The Spiral Down Hugger #3 is not the loftiest bag around with a 30-32 F temperature rating (see comparison table below). I found its warmth to be average. In my field testing, my methodology was to wear my basic sleepwear (dry wool socks and microfleece top, bottom, and cap) inside the bag initially, then add insulated clothing later in the night if I got cold, noting the time and temperature when I got chilly. On nights when the temperature dropped down to freezing just before sunrise, I started getting chilly around 4:00 a.m. when the temperature was around 35 F. After donning my insulated clothing (or better yet putting it on the evening before), I was able to stay warm in the Spiral Down Hugger down to 26 F, and probably could have handled even colder temperatures.
The stuff sack provided is tapered and has two drawcords to stuff the bag down to bread loaf size. It’s simply too tight. In my opinion, the two drawcord design is overkill, extra weight, and overstuffing may damage the down over time. I prefer a stuff sack that does not overstuff a down bag, although it takes up a little more room in my pack.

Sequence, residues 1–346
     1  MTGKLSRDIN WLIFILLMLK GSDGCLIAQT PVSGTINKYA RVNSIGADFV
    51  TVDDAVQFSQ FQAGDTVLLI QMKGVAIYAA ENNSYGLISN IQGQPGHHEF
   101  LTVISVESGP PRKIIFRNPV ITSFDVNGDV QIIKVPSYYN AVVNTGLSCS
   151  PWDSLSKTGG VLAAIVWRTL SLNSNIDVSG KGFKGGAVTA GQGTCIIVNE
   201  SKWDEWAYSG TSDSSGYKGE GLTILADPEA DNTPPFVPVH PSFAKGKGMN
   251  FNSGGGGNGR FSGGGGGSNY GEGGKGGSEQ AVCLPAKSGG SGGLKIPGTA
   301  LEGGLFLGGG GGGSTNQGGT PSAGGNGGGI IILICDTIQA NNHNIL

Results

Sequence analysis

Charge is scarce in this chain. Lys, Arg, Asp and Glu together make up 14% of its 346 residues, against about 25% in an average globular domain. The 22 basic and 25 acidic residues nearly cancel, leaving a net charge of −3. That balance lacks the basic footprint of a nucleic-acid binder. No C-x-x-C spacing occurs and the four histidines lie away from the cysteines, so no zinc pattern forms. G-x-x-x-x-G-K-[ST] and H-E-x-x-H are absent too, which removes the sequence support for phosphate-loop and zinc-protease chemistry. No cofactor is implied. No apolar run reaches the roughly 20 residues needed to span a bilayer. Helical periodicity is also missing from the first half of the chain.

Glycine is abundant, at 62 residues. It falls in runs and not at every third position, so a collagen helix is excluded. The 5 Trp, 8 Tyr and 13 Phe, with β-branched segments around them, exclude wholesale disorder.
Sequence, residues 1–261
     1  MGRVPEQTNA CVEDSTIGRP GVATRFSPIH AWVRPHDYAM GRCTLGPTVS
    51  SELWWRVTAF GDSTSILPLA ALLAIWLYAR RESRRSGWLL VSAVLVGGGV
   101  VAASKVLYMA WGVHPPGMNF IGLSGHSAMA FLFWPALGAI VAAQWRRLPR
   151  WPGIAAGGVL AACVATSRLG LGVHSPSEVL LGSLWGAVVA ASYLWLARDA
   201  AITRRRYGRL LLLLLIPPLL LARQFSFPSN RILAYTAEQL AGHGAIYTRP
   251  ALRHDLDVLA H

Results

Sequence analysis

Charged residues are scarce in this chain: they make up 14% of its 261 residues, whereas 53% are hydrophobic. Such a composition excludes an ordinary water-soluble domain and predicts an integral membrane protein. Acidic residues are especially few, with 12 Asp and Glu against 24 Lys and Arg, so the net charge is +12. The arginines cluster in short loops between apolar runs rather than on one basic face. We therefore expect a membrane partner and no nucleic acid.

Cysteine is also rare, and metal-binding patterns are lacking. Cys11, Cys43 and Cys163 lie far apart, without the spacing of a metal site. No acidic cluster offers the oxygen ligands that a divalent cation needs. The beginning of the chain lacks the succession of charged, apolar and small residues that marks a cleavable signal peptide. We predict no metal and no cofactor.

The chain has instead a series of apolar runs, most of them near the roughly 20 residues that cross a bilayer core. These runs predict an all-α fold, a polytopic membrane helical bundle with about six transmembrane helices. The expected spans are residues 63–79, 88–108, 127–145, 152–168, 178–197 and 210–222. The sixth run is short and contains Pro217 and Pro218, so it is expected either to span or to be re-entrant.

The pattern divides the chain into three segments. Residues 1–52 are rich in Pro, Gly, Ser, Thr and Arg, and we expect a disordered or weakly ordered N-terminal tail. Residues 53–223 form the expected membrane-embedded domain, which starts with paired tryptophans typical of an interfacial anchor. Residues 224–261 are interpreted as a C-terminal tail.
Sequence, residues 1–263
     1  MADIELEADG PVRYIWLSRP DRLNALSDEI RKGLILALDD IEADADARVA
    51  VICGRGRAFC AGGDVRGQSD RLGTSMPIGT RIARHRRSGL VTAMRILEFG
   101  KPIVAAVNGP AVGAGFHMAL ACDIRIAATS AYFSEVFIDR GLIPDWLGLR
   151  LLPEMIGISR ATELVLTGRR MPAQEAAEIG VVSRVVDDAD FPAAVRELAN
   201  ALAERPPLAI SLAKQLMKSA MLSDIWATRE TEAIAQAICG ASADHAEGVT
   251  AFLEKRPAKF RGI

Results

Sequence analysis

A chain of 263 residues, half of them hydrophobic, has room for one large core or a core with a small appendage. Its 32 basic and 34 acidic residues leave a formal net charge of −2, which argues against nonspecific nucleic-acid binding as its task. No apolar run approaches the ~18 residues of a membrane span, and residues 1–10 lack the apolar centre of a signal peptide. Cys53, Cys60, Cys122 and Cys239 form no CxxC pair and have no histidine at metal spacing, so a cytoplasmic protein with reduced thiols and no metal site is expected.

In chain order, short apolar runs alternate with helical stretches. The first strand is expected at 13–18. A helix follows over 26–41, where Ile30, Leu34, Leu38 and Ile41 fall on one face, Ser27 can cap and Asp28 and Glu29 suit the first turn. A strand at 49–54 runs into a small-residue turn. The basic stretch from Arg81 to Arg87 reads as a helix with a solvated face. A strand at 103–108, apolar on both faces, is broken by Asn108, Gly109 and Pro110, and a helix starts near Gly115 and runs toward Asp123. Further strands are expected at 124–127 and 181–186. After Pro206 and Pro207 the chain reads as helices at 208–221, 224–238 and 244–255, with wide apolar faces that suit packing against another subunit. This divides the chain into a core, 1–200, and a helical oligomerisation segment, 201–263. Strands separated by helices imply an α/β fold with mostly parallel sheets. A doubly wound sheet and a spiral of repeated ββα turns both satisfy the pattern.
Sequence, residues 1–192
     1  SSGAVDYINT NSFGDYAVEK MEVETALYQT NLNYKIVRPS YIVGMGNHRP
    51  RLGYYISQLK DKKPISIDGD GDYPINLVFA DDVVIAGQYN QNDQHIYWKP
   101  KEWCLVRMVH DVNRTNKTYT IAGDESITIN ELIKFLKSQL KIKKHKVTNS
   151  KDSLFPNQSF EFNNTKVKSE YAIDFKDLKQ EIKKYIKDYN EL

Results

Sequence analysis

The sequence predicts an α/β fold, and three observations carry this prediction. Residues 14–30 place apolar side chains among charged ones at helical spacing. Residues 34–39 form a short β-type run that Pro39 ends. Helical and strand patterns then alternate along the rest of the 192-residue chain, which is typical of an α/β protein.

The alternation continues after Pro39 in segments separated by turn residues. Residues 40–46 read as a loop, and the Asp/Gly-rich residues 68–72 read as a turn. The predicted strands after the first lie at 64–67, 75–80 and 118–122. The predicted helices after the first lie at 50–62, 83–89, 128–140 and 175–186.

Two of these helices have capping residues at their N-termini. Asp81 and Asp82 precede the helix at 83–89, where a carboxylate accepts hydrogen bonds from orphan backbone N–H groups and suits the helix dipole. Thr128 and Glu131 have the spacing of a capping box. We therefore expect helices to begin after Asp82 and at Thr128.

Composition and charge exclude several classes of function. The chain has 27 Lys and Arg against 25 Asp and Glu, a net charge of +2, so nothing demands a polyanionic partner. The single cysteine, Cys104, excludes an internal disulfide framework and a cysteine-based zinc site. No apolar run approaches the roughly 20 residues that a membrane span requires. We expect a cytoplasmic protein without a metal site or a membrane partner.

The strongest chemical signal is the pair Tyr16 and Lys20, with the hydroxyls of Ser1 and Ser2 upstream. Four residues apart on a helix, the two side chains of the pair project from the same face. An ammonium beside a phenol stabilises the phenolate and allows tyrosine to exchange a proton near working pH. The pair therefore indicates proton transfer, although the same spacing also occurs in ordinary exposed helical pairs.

The following table compares the MontBell UL Spiral Down Hugger #3 with some popular 30-32 F rated ultralight mummy style down sleeping bags. All of the bags have baffled construction, and the data are manufacturer specifications for a size Regular bag.
|Manufacturer||Model||Temperature Rating (F)||Single Layer Loft (in)||Weight of Down (oz)||Fill Power||Total Weight (oz)||Cost US$|
|MontBell||UL Spiral Down Hugger #3||30||1.9||10||800||19||229|
|Mountain Hardwear||Phantom 32||32||2.0||10||800||22||290|